Fifteen patients sustained ventricular fibrillation during ambulatory electrocardiographic recording in a period of 3.5 years over which time 16,500 ambulatory electrocardiograms were analyzed (prevalence = 0.09% or 1/1,100). Eight patients died, and seven survived cardiopulmonary resuscitation. Quantitative analysis of hourly ventricular arrhythmias prior to ventricular fibrillation revealed an increased frequency of premature ventricular beats and ventricular tachycardia, especially in the 2 hours immediately before ventricular fibrillation. Ventricular fibrillation was initiated by ventricular tachycardia in all 15 cases. These runs of ventricular tachycardia were characterized by their unusual length (mean = 560 ± 536 beats) and their rapid rate (241 ± 45 beats/min). Although an R on T premature ventricular beat initiated ventricular tachycardia and ventricular fibrillation occasionally, the mean prematurity index of the initiating premature ventricular beat was not early (mean = 1.27 ± 0.28). QT prolongation was present in only 3 of the 15 patients (mean QTc interval = 0.42 ± 0.06). Left ventricular dysfunction (mean left ventricular ejection fraction = 34.9 ± 9.9%) and coronary artery disease were nearly always present. The cardiac medications most frequently associated with these patients at the time of ventricular fibrillation were digitalis and quinidine.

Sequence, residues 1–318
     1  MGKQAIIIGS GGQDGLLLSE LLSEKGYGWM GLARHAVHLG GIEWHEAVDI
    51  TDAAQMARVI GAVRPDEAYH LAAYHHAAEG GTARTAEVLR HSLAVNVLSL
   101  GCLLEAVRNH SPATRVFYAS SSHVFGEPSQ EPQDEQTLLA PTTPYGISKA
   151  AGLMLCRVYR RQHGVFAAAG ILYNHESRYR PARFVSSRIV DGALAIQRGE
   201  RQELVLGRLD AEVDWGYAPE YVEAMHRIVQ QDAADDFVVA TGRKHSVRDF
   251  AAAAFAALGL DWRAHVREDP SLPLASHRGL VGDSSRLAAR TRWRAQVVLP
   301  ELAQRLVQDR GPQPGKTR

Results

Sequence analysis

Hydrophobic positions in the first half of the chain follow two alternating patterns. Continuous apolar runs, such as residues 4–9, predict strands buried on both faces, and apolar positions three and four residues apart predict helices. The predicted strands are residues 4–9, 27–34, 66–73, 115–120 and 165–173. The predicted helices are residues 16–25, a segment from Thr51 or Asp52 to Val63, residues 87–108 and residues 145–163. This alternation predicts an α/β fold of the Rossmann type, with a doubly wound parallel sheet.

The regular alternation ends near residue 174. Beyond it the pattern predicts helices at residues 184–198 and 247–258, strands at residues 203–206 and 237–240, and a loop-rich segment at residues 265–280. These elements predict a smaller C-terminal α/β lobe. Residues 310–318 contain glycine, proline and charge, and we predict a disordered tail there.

ASJC Scopus subject areas
- Cardiology and Cardiovascular Medicine